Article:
Beyond the Weather: Orionid meteor shower

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The Orionids meteor shower is one of the most reliable and visible showers of the year, along with the Perseids which occurred in August this year.

This is an annual meteor shower which peaks Saturday night and Sunday night.

For the Orionid shower, the debris you can see is actually pieces of Comet 1P/Halley, famously known as Halley's comet.

The latest spectacular astronomical event is set to reach its peak in the coming days when debris from Halleys Comet will be spotted in the night sky.

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You may have seen a few stray meteors zooming across the sky, leftover Draconids whose peak passed earlier this month or leftover meteors from the South Taurid shower that's still ongoing.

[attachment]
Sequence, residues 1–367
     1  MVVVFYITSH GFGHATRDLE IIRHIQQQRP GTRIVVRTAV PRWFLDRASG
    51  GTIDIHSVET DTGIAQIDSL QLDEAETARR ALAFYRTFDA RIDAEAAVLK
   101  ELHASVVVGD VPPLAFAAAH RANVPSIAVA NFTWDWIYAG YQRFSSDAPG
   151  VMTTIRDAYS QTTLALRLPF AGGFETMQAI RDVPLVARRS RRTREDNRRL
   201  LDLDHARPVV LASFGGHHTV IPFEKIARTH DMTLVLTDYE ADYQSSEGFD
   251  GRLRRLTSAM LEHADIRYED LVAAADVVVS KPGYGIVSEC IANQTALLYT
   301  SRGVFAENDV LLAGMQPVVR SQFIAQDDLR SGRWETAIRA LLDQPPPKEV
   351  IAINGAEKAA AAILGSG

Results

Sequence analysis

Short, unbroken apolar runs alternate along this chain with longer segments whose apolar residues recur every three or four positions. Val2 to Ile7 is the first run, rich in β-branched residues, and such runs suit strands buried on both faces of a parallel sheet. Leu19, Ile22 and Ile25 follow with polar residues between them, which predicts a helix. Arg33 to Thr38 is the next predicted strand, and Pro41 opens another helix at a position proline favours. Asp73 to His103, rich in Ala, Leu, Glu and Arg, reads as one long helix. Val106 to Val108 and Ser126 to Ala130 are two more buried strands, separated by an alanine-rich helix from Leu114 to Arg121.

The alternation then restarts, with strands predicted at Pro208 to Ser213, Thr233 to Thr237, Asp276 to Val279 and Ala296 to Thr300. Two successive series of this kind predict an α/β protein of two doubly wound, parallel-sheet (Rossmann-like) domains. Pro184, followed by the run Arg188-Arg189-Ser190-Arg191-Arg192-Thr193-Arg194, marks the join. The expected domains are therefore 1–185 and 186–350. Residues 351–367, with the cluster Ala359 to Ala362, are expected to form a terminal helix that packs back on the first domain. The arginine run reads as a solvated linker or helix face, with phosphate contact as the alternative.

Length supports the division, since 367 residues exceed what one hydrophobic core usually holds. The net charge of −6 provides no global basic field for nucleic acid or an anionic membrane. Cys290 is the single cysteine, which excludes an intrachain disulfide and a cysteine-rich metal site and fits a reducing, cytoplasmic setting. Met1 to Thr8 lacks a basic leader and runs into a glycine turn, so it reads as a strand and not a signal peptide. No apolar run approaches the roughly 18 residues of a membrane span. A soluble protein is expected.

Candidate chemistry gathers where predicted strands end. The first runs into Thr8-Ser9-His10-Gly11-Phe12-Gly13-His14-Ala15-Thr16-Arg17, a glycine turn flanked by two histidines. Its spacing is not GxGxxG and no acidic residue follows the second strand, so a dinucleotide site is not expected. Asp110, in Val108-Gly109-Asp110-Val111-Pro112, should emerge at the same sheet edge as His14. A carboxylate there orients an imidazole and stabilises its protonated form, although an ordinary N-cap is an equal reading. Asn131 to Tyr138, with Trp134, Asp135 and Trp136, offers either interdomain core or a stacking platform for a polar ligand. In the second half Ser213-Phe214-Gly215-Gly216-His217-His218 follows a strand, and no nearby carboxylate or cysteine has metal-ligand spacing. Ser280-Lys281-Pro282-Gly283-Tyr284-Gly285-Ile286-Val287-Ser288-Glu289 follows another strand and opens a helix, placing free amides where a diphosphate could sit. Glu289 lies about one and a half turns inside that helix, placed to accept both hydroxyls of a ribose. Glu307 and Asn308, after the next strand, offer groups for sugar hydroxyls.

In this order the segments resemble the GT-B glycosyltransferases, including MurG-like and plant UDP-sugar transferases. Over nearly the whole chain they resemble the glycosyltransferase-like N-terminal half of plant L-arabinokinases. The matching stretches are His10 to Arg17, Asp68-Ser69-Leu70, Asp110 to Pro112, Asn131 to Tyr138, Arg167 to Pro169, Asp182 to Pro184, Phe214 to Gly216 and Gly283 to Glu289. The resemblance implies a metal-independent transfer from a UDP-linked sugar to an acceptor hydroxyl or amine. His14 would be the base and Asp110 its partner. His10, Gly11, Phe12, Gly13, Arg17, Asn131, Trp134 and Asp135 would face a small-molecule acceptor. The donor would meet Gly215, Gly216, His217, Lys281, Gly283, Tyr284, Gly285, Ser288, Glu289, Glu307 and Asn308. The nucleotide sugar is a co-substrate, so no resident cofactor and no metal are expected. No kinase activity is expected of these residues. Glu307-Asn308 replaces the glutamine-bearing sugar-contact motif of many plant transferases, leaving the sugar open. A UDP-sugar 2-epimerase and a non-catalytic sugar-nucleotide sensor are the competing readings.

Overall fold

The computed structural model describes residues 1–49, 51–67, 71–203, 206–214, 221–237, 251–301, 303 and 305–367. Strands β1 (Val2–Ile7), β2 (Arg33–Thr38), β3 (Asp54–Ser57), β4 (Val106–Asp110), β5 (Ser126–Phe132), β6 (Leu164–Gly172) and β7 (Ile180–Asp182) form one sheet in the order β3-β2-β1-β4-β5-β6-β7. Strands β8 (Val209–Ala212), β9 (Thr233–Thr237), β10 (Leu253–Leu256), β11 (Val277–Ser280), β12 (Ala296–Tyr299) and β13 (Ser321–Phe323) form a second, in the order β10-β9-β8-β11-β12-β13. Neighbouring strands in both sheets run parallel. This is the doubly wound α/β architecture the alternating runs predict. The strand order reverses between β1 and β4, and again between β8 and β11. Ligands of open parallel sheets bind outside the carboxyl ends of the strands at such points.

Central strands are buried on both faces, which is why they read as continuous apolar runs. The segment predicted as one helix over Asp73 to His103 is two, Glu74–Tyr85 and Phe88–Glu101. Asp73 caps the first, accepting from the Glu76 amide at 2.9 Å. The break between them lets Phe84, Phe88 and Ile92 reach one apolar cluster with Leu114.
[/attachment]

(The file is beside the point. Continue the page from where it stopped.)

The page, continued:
NASA meteor expert Bill Cooke told Space.com that the moon may wash some meteors out, but about 15-20 should be visible per hour. The best time to watch is after midnight, with the greatest number of meteors in the predawn hours.

To get the best chance of seeing the spectacular, keep away from light pollution.

Look at the entire sky. As they burn up the particles appear as shooting stars, creating bright streaks in the sky.

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